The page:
DAY THREE-Thursday, January 8.
I write a two-page story about Tim's plight which points readers to the Web interview for more information. I email the story to friends, colleagues, and a variety of mass-distribution lists. In the meantime, I call several friends-including an online activist, a public relations expert, and a reporter. The online activist starts calling her friends and contacting the online media. The public relations expert assists in drafting email press releases. And the reporter asks me for an email containing two story pitches-one explaining Tim's plight in general terms, and the other geared towards the business media. He forwards them to reporters around the country. U.S. News & World Report receives it and calls me for an interview.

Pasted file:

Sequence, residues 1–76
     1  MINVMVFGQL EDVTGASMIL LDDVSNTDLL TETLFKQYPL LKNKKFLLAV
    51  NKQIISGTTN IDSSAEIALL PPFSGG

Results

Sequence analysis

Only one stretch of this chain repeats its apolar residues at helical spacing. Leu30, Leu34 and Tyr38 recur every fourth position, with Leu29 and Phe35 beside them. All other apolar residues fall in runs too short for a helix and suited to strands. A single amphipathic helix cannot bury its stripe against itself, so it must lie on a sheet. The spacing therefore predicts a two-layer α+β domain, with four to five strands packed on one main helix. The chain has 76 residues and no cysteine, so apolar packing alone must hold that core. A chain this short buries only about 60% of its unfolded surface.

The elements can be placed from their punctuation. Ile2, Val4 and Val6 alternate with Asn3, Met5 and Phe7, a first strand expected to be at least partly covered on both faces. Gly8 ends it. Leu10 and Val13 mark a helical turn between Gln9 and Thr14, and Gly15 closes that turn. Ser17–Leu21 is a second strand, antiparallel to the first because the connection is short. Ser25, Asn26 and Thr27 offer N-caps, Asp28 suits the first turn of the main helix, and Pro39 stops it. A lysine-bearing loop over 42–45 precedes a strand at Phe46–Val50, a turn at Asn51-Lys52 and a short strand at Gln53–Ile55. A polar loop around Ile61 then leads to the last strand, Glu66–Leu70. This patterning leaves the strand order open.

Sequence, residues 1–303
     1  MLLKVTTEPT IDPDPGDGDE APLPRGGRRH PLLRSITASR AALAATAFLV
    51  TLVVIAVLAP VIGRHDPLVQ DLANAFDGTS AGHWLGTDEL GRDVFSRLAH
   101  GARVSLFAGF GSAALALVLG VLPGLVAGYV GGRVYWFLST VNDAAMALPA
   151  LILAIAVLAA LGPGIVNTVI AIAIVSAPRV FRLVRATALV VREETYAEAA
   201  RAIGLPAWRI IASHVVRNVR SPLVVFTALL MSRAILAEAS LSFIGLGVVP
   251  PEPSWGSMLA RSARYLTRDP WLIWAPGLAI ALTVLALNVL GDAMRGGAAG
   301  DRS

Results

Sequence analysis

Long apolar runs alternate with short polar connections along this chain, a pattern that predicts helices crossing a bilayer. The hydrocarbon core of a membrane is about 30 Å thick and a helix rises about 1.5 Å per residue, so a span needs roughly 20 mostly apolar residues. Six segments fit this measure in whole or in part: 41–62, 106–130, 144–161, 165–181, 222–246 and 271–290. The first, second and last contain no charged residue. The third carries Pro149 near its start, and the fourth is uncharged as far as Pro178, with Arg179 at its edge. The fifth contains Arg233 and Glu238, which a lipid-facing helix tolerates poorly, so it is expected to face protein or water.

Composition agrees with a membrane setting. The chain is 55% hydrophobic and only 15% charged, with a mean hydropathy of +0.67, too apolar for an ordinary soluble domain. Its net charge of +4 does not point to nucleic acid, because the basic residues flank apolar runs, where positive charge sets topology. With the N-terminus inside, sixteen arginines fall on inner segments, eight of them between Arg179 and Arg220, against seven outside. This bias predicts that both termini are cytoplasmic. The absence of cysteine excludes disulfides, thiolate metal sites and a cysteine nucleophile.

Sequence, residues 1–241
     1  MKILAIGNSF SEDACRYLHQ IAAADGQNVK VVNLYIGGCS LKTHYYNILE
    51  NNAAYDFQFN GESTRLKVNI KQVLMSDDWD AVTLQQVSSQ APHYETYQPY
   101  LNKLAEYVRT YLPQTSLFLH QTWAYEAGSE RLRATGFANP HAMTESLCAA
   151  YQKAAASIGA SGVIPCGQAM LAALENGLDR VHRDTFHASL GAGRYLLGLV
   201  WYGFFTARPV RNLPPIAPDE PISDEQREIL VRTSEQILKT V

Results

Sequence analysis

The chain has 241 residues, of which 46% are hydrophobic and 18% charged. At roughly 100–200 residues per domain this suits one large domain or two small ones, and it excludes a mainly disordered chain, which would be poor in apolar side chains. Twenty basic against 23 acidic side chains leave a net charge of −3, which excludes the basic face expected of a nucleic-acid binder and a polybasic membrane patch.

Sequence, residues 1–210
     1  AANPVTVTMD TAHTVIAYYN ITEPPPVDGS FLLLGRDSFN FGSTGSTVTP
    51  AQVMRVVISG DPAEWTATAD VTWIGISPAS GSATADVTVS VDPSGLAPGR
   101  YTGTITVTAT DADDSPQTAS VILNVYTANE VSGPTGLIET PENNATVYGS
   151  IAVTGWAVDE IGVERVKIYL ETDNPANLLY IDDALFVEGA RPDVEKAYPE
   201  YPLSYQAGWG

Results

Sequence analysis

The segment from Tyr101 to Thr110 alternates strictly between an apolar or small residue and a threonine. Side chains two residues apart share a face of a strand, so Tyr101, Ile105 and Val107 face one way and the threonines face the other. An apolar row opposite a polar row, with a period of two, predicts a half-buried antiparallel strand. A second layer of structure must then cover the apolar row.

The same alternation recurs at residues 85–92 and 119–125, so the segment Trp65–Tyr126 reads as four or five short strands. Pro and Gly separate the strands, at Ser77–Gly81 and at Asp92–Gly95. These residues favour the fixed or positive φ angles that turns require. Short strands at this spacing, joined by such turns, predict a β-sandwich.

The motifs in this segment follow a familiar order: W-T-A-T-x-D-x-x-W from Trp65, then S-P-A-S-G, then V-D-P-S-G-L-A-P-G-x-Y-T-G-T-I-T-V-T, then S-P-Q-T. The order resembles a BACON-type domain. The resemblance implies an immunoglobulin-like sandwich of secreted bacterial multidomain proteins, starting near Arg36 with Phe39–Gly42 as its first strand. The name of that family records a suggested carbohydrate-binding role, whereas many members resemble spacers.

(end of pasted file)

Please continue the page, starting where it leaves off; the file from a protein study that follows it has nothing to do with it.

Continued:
I also seek the assistance of two nonprofits: the Electronic Privacy Information Center (EPIC) and the Center for Democracy and Technology (CDT).  They start speaking to reporters on our behalf. EPIC passes our story to CNet, one of the largest news Web sites.   I interview with reporters from CNet and the San Francisco Chronicle.

DAY FOUR-Friday, January 9.
Tim's story is the lead on the New York Times' Web site. His Internet closes down his email account, saying his online activism is "abuse." I immediately issue an email update blasting them for shutting Tim down in his time of need. A rival Internet provider responds by providing Tim a lifetime email account for free, with a guarantee of privacy. That afternoon, CNet runs a front page story about Tim. A friend at GLAAD, the gay rights organization, issues an email alert to their extensive mailing list.